Jay W. Marks, MD, is a board-certified internist and gastroenterologist. He graduated from Yale University School of Medicine and trained in internal medicine and gastroenterology at UCLA/Cedars-Sinai Medical Center in Los Angeles.
Many years ago, Schatzki described a
smooth, benign, circumferential, and narrow ring of tissue in the lower end of
the esophagus (the food pipe that connects the mouth to the stomach). These rings
are located just above the junction of the esophagus with the stomach. These rings are common. The cause of these
rings is not clearly understood, while some doctors believe they are caused by
long term damage from stomach acid
The majority of these rings cause no symptoms, and
patients are unaware of their presence. When the opening of the esophagus becomes smaller as the diameter of these rings shrink, solid, poorly chewed
food (such as steak, turkey, frankfurter) that stays in chunks can get
caught at the level of the ring. This occurs when the
diameter of the ring reaches approximately 1 cm. The patient then experiences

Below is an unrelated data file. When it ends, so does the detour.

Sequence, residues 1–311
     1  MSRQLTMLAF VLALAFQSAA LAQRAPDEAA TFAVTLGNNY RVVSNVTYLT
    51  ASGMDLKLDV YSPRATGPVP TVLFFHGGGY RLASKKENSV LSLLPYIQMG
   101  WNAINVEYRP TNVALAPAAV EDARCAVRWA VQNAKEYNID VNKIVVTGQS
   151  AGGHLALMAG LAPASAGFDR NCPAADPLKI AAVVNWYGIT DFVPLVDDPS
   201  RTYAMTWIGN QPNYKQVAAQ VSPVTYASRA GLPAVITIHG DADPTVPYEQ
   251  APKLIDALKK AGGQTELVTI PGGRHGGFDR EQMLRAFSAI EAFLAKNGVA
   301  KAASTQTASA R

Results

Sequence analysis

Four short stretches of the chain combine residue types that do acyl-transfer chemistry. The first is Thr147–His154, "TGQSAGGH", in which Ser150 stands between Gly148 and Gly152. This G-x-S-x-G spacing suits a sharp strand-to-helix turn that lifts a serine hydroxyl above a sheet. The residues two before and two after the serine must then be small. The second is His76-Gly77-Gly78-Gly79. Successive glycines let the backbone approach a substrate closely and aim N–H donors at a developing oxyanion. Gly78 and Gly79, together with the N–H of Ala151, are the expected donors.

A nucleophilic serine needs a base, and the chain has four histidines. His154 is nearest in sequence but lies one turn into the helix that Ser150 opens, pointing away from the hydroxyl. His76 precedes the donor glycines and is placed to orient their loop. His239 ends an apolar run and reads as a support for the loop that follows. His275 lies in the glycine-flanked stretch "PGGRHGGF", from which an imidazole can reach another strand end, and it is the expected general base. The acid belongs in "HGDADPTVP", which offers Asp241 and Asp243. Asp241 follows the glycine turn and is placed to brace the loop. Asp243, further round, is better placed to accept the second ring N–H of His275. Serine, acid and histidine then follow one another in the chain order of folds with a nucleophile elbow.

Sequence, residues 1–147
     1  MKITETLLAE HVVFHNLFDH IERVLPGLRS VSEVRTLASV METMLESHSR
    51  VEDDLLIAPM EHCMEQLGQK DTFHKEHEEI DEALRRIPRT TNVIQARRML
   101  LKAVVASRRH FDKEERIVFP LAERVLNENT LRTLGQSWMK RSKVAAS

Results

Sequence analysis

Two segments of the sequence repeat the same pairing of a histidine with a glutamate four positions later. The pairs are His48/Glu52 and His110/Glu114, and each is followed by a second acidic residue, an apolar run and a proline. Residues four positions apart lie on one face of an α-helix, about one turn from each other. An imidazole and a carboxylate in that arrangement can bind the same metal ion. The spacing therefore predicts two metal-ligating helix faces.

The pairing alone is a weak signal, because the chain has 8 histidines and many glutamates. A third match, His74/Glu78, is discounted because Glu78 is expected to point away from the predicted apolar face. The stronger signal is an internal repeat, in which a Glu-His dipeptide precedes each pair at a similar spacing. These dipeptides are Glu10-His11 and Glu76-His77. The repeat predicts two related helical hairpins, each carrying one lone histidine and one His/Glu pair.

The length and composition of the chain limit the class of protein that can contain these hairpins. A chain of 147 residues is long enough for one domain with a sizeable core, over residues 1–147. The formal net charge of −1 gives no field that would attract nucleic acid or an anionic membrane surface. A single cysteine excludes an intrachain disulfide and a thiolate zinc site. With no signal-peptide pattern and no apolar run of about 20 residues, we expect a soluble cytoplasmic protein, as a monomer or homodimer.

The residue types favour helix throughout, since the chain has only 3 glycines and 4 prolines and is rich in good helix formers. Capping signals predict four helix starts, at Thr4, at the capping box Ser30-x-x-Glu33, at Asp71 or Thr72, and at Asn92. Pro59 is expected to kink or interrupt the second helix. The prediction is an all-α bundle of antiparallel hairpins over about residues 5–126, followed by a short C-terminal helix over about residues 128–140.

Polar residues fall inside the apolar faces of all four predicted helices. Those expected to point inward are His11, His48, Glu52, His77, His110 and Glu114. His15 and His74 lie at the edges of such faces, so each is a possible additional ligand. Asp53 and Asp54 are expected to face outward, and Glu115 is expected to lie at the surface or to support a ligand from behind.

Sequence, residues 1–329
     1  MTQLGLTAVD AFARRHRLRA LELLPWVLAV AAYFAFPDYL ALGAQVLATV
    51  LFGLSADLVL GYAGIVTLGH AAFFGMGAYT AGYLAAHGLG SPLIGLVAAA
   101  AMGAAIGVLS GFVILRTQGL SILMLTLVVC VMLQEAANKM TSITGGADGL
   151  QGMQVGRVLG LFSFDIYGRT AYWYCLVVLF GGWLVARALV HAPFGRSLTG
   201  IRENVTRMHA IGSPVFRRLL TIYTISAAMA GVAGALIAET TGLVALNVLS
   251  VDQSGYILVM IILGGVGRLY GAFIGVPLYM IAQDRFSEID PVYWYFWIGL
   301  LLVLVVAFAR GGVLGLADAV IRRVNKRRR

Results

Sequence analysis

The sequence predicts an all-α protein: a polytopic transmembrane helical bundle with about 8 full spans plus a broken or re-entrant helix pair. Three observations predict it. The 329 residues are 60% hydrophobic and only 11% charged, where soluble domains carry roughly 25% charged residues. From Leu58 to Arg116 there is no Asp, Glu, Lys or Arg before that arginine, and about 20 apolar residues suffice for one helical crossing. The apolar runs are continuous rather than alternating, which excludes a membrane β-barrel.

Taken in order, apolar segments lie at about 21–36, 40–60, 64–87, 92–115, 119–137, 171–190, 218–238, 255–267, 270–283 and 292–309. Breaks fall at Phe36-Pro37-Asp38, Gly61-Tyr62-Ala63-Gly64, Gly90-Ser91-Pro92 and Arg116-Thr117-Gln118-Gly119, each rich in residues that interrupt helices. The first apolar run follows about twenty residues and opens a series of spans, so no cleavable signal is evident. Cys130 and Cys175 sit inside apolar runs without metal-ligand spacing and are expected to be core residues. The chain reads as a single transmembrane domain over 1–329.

chest pain, or sticking sensation in the chest with swallowing (referred
to as dysphagia). If the chunk of food passes into the stomach,
these symptoms subside quickly and the patient can resume eating.
If the food does not pass into the stomach, some patients have to
induce regurgitation of the food by sticking their finger in the
back of their throat before they can resume eating.
Rarely, the food
becomes impacted (the food cannot pass nor can it be regurgitated).
These patients experience continued chest pain and difficulty swallowing
saliva and secretions. A flexible endoscope has to be inserted
through the mouth into the esophagus to extract the impacted food
to relieve the obstruction.
How is a Schatzki Ring diagnosed?
The diagnosis of Schatzki ring can usually be made by
barium x- ray examination of the
esophagus; however, a narrow ring can be missed on x-ray. In
patients with symptoms of dysphagia, doctors usually also
order an upper endoscope examination.
Endoscopy is the best way
of diagnosing a Schatzki ring. During the endoscopy,
a flexible viewing tube is inserted through the mouth into the
esophagus. It allows a direct view of the inner lining of the esophagus
and the stomach. The test helps to exclude early cancer,
esophagitis, and Barrett's esophagus.
Management of these rings involves procedures that will stretch or fracture these rings,
thus allowing freer passage of solid food. Stretching or fracturing
can be performed with endoscopes or tapered dilators inserted through
the mouth, also by deflated balloons that are placed across the
ring and are then blown up. Open surgery is hardly ever necessary
to handle these rings.
Medically reviewed by Martin E. Zipser, MD; American Board of Surgery
"Management of benign esophageal strictures"